Revolution effected by H. B.over the spirit of English graphic satire. The coarseness and suggestiveness of the old caricaturists gradually disappeared, until at length, in 1830, an artist arose who was destined to work a complete revolution in the style and manner of English caricature. This artist was John Doyle,—the celebrated H. B. He it was that discovered that pictures might be made mildly diverting without actual coarseness or exaggeration; and when this fact was accepted, the art of caricaturing underwent a complete transition, and assumed a new form. The "Sketches" of H. B. owe their chief attraction to the excellence of their designer as a portrait painter; his successors, with less power in this direction but with better general artistic abilities, rapidly improved upon his idea, and thus was founded the modern school of graphic satirists represented by Richard Doyle, John Leech, and John Tenniel. So completely was the style of comic art changed under the auspices of these clever men, that the very name of "caricature" disappeared, and the modern word "cartoon" assumed its place. With the exception indeed of Carlo Pellegrini (the "Ape" of Vanity Fair), and his successors, we have now no caricaturist in the old and true acceptation of the term, and original and clever as their productions are, their compositions are timid compared with those of Bunbury, Gillray, Rowlandson, and their successors, being limited to a weekly "exaggerated" portrait, instead of composed of many figures.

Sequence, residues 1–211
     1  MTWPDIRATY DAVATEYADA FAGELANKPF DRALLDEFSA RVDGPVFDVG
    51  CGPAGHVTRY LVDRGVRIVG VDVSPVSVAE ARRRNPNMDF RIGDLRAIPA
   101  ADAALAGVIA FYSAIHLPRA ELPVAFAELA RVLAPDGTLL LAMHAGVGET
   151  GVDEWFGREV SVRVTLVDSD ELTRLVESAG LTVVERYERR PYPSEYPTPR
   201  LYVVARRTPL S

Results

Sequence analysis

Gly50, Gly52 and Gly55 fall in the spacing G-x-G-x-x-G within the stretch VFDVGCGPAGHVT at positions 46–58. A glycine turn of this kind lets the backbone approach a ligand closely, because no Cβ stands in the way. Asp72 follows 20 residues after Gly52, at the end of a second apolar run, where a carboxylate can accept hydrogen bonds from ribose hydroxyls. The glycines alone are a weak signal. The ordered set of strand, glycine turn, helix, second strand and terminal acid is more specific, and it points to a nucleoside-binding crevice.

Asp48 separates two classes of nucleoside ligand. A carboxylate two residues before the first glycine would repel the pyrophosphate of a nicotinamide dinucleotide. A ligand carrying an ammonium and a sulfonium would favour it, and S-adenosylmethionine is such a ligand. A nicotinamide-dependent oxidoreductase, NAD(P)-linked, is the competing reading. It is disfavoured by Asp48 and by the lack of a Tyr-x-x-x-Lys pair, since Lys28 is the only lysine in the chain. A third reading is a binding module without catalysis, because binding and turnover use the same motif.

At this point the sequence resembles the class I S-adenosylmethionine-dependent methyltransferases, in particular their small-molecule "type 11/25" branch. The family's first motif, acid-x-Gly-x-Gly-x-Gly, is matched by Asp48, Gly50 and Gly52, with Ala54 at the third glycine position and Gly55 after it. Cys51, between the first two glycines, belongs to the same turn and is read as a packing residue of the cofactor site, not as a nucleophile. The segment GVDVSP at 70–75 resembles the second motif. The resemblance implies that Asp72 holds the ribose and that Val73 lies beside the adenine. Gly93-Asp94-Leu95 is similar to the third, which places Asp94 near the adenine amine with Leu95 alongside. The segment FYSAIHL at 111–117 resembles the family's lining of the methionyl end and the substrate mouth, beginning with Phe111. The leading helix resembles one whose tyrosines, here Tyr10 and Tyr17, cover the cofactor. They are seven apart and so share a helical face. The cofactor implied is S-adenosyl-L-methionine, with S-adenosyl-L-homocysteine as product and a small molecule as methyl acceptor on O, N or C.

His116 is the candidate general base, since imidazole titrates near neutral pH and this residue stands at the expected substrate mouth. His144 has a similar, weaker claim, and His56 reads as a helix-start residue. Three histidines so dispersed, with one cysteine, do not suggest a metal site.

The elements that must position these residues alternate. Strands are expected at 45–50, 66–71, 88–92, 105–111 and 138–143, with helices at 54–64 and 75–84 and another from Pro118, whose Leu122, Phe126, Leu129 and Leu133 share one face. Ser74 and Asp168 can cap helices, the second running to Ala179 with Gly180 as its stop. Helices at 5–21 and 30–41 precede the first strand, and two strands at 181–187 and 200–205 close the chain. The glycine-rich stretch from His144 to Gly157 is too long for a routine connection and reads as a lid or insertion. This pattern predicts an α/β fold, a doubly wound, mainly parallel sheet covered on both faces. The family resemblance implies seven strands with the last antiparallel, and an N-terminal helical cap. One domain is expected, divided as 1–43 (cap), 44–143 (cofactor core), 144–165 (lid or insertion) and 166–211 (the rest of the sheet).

But caricature was destined to receive its final blow at the hands of that useful craftsman the wood-engraver. The application of wood-engraving to all kinds of illustration, whether graphic or comic, and the mode in which time, labour, and expense are economised, by the large wood blocks being cut up into squares, and each square entrusted to the hands of a separate workman, has virtually superseded the old and far mere effective process of etching. Economy is now the order of the day in matters of graphic satire as in everything else; people are no longer found willing to pay a shilling for a caricature when they may obtain one for a penny. Hence it has come to pass, that whilst comic artists abound, the prevailing spirit of economy has reduced their